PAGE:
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Brrrrr-utal! Spring temperatures likely weeks away





Wherefore art thou spring?

Winnipeggers waking up to a balmy -18 C with windchill that felt like -27 C may not have waxed so poetic about the frosty scenario Monday. (And we wouldn’t blame you for favouring a few choice words over limericks or verses when looking at the forecast for the next seven days.)

This week, Environment Canada predicts mostly sunny skies with bitter winds and chilly nights dipping as low as -17 C tonight. The highest temperatures are forecast for the weekend: -1 C Saturday and Sunday, with a 60 per cent chance of flurries by week’s end.

Rob Paola, a recently retired Environment Canada meteorologist who lives in Winnipeg, said this is the coldest start to April the city has experienced since 2014. On April 2, 2017, the high was 12 C.

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Wherefore art thou spring?

Winnipeggers waking up to a balmy -18 C with windchill that felt like -27 C may not have waxed so poetic about the frosty scenario Monday. (And we wouldn’t blame you for favouring a few choice words over limericks or verses when looking at the forecast for the next seven days.)

This week, Environment Canada predicts mostly sunny skies with bitter winds and chilly nights dipping as low as -17 C tonight. The highest temperatures are forecast for the weekend: -1 C Saturday and Sunday, with a 60 per cent chance of flurries by week’s end.

Rob Paola, a recently retired Environment Canada meteorologist who lives in Winnipeg, said this is the coldest start to April the city has experienced since 2014. On April 2, 2017, the high was 12 C.

"It is below normal, but we’ve had colder starts to April in other years," he said from his Charleswood home. "People remember spring arriving a little bit earlier these past few years, so they’re getting a little bit impatient this year."

By April 8, 2017, Winnipeg was already nearing 20 C, Paola said. He maintains his own records on temperatures and snowfall data now that he’s retired (and also tweets local weather updates under the handle @RobsObs).

Paola pointed out the snowpack —meaning how much snow is still left on the ground — is still relatively high in some areas, including his own yard.

"It’s variable across the city. Some areas have lost their snow pretty much, but a lot of the city still has snowpack remaining from the winter. I’ve got about 15 centimetres," he said. "Basically that’s the deepest snow cover for this date since 2014. We had already lost our snow cover last year by late March and by mid-March in 2015 and 2016."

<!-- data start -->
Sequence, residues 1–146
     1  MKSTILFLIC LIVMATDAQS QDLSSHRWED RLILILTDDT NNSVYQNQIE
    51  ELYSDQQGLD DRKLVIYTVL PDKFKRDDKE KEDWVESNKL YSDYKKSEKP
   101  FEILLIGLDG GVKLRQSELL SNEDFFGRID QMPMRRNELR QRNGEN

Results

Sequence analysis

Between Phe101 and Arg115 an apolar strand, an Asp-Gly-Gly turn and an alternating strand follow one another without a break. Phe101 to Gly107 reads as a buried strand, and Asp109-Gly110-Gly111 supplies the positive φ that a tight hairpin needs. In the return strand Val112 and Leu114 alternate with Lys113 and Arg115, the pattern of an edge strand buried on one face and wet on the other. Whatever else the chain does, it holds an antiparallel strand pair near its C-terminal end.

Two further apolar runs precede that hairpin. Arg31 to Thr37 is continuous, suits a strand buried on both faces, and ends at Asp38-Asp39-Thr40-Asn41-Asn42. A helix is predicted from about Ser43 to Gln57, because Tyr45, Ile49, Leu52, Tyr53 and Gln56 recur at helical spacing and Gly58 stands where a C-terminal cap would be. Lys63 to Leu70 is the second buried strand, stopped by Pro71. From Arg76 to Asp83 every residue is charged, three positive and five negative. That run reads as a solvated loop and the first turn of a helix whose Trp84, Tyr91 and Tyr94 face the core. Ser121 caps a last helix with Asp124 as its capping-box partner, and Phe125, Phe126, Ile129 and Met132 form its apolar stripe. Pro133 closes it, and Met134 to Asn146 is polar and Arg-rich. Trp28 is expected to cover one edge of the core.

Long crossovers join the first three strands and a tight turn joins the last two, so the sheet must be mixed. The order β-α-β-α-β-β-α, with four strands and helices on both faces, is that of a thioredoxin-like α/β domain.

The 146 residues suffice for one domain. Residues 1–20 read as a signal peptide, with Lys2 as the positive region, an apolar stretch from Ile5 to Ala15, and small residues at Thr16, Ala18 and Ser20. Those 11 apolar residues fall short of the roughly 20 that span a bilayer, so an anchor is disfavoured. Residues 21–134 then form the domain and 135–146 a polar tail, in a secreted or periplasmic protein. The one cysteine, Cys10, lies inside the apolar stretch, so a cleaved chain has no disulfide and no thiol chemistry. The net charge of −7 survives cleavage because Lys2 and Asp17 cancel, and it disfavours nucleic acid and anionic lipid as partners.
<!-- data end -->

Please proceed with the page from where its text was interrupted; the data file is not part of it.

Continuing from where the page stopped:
Environment Canada’s senior climatologist says he’s surprised how long winter is lasting on the Prairies and warns cold temperatures could persist through the end of April, pinning the blame on a polar vortex.

"At this time of the year, it’s often back and forth, up and coming, very yo-yoish kind of weather, where you’re getting winter trying to hold on and summer wants to get a foothold," David Phillips said Monday.

JESSICA BOTELHO-URBANSKI / WINNIPEG FREE PRESS

"And yet the war is being won by winter," Phillips said. "Old Man Winter is clearly the bully in this particular situation and has got a grip on the entire West and is not letting go."

Where the snow has melted in Winnipeg, another surefire sign of spring has cropped up in its place: garbage.

Tom Ethans, executive director of Take Pride Winnipeg, has already started making the rounds by car to assess which neighbourhoods are messiest. He said commercial areas are usually the worst hit and Polo Park, the southern and northern perimeter areas take the top spots for trash.

On a Monday stroll around Omand’s Creek, St. Matthews Avenue and St. James Street, Ethans spotted hours’ worth of clean-up to be done.

Plastic bags, bottles, fast-food containers, bubble wrap, cardboard boxes, tattered clothes, a lonely sock and old books were just a few of the grimy items lingering, some of them still frozen to the ground.

"As soon as the snow is gone, we get to see areas like this where litter accumulates and it looks really bad. It makes the city look bad," Ethans said. "It’s horrendous."

Take Pride Winnipeg grades streets on an index of one to four, depending on how bad their trash situation is. Level one means no garbage is around, while a four means there’s hours of clean-up work to be done, as is the case in Polo Park.

"Unfortunately, where people see litter, other people throw stuff. Some of the stuff I see here has been thrown from cars or just dropped by people as they’re walking by," Ethans said, noting areas dense in drivers tend to be layered in litter.

"We’re going to get some more kids out here in the spring, as soon as it warms up a little, to go out and clean this up," he said, pointing to the St. James and St. Matthews intersection. "But we need everybody to work together."

Ethans expects community clean-ups to get into full force by mid-April. Last year, about 20,000 bags of garbage were picked up between April and the fall, he said.

— with files from The Canadian Press

jessica.botelho@freepress.mb.ca

Twitter: @_jessbu


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